3. Hello, I won't repeat it all here, but here's a link Casting Canopies that I experimented with, a few months ago, which may be of interest to some. I'll reply to any questions here, however. Top are the original parts, bottom row are the resin copies. If you check it out, be sure to read all the way to the bottom, as the first product attempt was not successful! Ed
  4. Hi, just tried again and got this Trojan warning. Might be that the Malwarebytes library hasn't caugh up with the change, so I'll wait a couple of days and try again: Ed
  5. Ipmsusa2, Just tried to follow your link about the P-38 book, and got a Malware notice on my screen from Malwarebytes. Not sure if there's a problem, just giving you a heads up, as I did not continue to the site after that. Ed
  6. Thanks for the kind remarks. Interestingly, the B-17 was the first model I made as an adult. As a kid, I had stopped around 1961. In 1969, I was watching "12 O'Clock High" on TV, and darned if I didn't have to run out an by and old Revell B-17 kit and started back modeling. I know all about gettin' the B-17 on... Ed
  7. Hi Rob, After a discussion over on WWII Aircraft HERE It seemed that the darker paint was just touch-up here and there, mostly after mods, and NOT any attempt at camouflage. Thanks for your kind comment. Ed
  8. Well, as noted in the build thread HERE: Here are the final pics of the B-17 that started to be converted to a YB-40, but ended up as the XB-40, something you may not have seen much of before! Thanks for looking. See you next time, Ed
  9. Top of forever wish list: an ACCURATE 1/72 F-84F Thunderstreak -- with RATO! Ed
  10. Message I get with Windows 10 is "attempting TLS handshake with IPMSUSA(XXX).org, depending upon which forum is being accessed... Ed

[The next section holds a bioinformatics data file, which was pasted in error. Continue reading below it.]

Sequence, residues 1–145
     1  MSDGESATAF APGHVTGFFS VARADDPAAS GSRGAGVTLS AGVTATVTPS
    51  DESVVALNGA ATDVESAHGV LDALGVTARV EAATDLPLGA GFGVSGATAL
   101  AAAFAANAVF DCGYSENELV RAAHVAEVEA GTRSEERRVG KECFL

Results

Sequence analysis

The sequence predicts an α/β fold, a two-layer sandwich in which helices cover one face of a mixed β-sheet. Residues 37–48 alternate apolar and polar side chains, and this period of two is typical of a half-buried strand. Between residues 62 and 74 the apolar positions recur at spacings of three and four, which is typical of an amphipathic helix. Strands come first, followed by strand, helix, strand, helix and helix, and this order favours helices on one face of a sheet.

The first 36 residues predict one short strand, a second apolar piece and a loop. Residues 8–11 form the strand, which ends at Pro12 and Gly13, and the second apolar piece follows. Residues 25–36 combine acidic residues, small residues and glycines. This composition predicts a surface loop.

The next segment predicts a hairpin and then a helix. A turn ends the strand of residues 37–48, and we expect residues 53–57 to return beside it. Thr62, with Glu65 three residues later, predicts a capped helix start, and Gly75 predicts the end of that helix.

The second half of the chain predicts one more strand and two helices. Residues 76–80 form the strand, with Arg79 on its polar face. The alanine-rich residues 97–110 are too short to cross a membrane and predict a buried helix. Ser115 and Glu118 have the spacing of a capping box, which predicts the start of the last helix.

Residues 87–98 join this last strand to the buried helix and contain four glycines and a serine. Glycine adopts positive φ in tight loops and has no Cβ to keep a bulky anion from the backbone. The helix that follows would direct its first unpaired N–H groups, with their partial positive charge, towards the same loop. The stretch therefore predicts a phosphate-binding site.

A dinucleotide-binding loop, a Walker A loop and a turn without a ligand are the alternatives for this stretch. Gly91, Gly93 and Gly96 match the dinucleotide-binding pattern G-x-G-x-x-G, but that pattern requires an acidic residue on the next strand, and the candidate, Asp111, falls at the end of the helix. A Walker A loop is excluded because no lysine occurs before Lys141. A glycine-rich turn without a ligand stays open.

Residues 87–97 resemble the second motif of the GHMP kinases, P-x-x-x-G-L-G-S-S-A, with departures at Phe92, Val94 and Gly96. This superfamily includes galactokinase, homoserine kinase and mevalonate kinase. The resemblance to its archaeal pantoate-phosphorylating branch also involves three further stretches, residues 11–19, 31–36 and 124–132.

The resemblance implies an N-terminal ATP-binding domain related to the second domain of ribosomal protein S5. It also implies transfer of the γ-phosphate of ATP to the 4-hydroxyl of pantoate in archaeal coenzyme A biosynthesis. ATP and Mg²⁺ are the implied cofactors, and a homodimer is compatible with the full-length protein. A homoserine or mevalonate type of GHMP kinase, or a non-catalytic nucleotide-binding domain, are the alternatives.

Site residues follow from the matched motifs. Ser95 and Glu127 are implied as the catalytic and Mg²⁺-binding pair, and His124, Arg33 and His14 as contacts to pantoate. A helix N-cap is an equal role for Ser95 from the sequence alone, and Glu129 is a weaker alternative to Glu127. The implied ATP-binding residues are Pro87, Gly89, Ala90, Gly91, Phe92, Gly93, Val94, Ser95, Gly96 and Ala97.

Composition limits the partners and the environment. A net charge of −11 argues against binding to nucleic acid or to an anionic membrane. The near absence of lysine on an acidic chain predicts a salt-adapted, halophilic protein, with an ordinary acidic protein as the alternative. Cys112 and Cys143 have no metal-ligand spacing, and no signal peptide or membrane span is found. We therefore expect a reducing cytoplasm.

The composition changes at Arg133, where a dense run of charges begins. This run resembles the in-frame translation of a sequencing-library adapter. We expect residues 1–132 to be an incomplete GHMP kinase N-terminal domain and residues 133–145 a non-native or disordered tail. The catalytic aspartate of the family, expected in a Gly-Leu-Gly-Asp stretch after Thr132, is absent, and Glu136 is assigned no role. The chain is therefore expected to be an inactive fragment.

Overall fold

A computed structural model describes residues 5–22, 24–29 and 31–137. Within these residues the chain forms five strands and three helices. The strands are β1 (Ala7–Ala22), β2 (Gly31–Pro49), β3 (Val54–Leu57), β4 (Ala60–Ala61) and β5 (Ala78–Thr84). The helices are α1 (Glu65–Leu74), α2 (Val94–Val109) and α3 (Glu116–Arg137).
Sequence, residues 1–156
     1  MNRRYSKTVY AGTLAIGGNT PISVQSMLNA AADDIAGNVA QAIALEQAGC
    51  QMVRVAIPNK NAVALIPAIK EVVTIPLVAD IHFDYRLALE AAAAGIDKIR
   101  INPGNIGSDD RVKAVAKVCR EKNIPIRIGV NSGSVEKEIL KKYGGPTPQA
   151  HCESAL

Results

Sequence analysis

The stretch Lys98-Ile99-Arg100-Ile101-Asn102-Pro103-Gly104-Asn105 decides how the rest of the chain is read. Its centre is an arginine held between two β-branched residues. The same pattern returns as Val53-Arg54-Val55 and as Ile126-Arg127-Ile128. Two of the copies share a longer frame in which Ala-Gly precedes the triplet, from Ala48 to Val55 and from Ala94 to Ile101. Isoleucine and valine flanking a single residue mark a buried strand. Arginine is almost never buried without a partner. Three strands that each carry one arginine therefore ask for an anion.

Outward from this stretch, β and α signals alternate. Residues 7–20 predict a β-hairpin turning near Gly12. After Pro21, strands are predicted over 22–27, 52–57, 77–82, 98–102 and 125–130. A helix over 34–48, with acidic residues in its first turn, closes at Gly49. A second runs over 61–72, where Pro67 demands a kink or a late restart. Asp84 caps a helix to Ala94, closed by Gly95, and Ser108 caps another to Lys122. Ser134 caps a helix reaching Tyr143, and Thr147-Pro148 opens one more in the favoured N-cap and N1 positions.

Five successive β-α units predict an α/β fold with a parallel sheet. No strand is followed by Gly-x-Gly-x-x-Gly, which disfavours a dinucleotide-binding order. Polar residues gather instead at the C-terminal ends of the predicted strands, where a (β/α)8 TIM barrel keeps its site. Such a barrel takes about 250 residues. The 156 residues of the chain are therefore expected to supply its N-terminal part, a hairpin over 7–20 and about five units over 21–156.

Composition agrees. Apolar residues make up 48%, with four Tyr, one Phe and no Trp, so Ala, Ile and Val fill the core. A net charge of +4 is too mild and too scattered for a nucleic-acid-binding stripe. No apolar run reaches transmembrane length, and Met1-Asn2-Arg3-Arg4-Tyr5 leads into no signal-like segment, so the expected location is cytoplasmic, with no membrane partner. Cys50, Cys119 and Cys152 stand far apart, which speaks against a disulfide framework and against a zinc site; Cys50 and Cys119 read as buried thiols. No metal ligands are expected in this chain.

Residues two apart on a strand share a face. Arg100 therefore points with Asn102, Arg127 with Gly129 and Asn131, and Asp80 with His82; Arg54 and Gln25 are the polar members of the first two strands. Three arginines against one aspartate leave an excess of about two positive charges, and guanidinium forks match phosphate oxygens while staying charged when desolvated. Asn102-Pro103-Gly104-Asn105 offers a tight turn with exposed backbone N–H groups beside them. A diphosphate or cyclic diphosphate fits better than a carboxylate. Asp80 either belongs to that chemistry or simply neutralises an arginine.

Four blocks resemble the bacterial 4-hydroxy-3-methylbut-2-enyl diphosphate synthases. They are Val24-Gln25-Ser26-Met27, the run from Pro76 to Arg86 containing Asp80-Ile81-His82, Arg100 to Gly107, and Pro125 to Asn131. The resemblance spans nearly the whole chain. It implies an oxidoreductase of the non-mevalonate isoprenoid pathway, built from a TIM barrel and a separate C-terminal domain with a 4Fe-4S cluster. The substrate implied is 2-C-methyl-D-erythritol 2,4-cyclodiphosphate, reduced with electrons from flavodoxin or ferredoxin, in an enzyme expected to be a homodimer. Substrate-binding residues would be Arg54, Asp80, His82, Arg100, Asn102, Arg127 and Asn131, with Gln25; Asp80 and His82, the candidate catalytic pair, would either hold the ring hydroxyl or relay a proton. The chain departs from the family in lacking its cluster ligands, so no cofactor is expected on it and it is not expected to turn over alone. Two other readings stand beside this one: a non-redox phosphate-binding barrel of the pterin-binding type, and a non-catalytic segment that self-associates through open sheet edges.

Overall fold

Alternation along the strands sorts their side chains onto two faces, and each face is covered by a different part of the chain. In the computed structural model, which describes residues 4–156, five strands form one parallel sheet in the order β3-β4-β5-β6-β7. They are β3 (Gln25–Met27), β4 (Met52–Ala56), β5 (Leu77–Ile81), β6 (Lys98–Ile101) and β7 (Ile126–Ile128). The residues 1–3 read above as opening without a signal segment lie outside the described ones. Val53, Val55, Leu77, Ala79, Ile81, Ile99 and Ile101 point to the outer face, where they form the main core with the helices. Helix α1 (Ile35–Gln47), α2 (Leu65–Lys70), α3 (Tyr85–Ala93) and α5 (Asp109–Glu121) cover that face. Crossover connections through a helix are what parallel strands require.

11. Thanks folks, Rusty IIRC, it was to allow access to the radio gear without having to dismount the main canopy from the aircraft... Ed
  12. Inspired with a build started by fellow modeler Bill Dye a few years back, here is my rendition of the prototype RF-84F YRF-84F Build Thread And, here are the finished pics: Again, thanks to fellow modeler Bill Dye, who inspired this build. As usual, it's not perfect, but it's better than the one I had before... Ed
  13. Thanks guys, I wanted one of these forever; finally forced to bite the bullet... Ed
  14. Here are the final photos of my conversion of a Monogram F-105D kit into the prototype YF-105A, and here is the Build Thread And for a little comparison, the original Monogram F-105D alongside: If you check out the build thread, you will see that it was a long ride... Ed
  15. I sold off my built and unbuilt models in 1973, during a divorce. I was wise enough to keeps all my documentation. paints and decals. I still have some tins of Humbrol paint and some decals from the 1971-1972 range, including some great old Stoppel silk-screened decals that I used a few of this week! Ed